Included with the course is a set of high-quality wire-bound course notes printed full-colour A4-size with heavy-duty plastic covers – ideal for taking into the lab. These notes include copies of all the slides featured in the course videos and space for taking notes as you work through the course. Course notes are packaged and shipped to you worldwide as soon as you enrol.

What You Will Learn
  • Understand fundamental characteristics of RF waves

  • Define common RF and microwave terms such as dB and dBm

  • Describe different types of transmission line and their properties

  • Describe common components used in RF, wireless and microwave systems

  • Understand the fundamentals of RF propagation

  • Understand digital modulation and various modulation methods

  • Describe various RF, wireless and microwave measurement parameters

  • Know how to use a range of RF, wireless and microwave measurement equipment

  • Reduce the risk of expensive test equipment damage, downtime and repair costs

Target Audience

This online RF and microwave course is ideal for graduates, interns and new entrants to the field of RF and microwave engineering. It is also suitable for those with industry experience, but with knowledge gaps that need to be addressed. Students and job seekers will also find the course beneficial since it covers areas likely to arise during a technical interview.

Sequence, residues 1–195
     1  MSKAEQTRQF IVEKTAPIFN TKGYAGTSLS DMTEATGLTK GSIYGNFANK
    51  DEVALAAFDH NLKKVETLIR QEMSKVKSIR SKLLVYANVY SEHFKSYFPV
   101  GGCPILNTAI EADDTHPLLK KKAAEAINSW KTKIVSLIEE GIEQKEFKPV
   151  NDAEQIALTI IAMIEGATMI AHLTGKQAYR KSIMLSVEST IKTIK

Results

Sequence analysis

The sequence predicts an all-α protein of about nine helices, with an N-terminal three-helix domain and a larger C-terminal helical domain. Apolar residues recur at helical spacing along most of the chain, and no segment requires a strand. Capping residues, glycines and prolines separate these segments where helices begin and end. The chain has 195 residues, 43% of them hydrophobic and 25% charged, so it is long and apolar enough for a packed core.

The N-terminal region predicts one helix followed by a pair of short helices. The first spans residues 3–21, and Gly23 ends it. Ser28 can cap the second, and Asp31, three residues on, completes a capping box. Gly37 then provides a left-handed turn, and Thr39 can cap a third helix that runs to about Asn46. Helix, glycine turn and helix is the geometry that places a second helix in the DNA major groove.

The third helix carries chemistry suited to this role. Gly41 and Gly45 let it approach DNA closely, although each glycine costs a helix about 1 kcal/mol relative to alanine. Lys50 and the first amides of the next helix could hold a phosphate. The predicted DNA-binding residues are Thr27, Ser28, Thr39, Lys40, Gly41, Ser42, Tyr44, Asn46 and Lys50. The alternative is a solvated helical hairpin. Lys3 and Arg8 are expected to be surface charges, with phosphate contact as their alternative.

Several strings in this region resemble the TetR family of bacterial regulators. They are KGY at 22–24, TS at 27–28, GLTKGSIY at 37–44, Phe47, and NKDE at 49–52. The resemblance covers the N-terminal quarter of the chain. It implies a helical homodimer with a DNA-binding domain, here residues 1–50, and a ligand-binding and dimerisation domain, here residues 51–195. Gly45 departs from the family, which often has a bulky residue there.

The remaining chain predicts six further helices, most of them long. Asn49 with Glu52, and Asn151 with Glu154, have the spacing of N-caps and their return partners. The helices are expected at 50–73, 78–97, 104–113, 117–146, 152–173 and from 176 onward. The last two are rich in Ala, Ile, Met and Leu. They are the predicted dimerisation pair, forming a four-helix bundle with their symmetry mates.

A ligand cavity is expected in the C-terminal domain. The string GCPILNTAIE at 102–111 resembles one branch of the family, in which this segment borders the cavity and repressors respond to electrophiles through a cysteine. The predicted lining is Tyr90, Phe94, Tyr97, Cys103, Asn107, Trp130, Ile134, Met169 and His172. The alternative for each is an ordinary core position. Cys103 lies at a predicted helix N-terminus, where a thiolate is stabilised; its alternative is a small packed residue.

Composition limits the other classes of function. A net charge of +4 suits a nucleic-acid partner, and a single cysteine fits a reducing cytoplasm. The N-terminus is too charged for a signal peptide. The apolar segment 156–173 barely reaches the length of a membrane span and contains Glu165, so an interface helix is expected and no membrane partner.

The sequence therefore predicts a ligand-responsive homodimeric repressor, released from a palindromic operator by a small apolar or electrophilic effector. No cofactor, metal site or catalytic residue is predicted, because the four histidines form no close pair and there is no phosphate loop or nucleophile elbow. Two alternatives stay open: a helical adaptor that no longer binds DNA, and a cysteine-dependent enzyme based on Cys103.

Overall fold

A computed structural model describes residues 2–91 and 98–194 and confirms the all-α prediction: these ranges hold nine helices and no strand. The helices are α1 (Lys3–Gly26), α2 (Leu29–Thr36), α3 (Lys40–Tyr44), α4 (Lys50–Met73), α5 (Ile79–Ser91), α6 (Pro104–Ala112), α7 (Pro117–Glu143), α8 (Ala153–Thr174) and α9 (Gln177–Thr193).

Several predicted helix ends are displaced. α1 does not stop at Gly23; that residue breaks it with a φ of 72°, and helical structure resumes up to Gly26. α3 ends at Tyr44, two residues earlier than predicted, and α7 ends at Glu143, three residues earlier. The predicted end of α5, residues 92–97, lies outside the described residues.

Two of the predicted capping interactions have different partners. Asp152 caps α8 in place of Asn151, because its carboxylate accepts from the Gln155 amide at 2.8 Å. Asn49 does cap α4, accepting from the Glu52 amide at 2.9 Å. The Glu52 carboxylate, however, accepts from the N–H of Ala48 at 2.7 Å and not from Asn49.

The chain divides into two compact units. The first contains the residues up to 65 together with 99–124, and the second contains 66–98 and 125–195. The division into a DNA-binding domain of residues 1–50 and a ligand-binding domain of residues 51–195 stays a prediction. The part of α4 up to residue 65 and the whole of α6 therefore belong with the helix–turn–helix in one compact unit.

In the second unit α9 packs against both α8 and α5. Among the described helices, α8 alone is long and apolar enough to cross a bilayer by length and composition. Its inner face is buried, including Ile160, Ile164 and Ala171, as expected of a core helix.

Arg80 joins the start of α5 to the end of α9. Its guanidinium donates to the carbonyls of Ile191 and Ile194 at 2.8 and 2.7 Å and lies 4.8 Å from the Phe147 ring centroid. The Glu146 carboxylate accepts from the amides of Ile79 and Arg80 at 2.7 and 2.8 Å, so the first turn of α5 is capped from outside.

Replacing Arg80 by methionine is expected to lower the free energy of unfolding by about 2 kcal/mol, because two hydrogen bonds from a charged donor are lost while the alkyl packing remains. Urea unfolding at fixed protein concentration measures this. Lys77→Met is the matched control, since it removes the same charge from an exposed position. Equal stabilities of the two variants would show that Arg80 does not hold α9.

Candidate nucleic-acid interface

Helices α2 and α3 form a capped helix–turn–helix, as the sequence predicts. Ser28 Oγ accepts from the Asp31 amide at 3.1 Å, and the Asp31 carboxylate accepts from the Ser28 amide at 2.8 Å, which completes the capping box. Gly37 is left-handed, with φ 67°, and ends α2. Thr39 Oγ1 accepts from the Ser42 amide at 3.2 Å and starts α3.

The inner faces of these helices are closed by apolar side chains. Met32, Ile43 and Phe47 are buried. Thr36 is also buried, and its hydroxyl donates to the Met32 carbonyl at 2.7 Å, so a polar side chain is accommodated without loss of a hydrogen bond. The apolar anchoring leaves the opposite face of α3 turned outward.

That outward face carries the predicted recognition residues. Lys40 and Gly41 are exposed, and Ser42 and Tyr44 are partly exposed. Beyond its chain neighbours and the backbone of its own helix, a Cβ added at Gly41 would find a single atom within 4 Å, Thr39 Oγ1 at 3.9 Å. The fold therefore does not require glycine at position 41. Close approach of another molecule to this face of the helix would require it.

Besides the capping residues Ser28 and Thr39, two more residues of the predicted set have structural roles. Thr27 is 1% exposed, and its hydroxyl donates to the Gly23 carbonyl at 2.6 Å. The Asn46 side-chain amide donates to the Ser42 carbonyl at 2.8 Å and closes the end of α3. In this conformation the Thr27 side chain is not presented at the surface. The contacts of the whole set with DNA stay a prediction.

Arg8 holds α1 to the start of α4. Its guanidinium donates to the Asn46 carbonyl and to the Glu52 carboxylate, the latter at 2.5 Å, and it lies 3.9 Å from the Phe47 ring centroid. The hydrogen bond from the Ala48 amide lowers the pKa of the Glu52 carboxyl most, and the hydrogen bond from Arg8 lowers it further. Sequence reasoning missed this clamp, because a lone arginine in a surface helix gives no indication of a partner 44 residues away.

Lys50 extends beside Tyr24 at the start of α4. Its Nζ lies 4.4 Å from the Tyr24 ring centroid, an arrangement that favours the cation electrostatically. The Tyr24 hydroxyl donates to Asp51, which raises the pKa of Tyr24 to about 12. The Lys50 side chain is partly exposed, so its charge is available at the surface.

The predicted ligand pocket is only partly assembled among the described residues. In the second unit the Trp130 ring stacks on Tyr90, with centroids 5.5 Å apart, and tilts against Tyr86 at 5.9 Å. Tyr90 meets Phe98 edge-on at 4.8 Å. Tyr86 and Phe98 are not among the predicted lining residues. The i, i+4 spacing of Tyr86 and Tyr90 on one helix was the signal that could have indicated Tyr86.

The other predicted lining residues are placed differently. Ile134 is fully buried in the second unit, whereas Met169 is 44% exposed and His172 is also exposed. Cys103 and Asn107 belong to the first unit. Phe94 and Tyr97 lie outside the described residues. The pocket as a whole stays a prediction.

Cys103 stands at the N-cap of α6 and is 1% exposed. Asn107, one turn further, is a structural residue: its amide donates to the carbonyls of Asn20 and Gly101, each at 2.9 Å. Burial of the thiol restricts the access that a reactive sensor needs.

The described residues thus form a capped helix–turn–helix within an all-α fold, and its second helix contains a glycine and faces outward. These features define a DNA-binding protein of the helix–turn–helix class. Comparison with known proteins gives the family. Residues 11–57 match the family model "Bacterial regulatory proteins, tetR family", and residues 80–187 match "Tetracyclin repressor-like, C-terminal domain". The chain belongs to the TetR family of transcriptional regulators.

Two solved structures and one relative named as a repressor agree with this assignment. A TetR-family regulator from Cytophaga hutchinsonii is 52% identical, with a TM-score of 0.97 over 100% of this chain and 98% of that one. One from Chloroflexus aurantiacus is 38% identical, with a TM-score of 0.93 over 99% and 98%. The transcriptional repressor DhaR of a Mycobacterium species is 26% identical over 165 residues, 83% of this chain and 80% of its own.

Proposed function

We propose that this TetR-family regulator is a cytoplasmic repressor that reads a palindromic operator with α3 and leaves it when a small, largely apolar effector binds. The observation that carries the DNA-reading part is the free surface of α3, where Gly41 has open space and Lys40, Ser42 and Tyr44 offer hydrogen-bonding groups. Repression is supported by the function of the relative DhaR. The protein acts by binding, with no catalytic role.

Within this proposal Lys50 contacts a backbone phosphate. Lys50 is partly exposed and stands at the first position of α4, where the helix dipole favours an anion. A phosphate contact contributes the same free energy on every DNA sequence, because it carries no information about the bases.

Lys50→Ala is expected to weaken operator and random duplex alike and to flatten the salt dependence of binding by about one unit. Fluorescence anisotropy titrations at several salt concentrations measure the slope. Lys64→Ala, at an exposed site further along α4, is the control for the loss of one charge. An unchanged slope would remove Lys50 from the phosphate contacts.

Staff members taking this RF course typically include RF engineers and technicians, RF test engineers and technicians, wireless design engineers, microwave design engineers, RFIC and MMIC design engineers, RF applications engineers, digital design engineers, hardware design engineers, hardware applications engineers, technical sales engineers and technical managers who need to improve their understanding of RF, wireless and microwave communications in order to better manage projects.

  • New Starters

  • Recent Graduates and Interns

  • RF and Microwave Engineers and Technicians

  • RF and Microwave Test Engineers and Technicians

  • RFIC and MMIC Design Engineers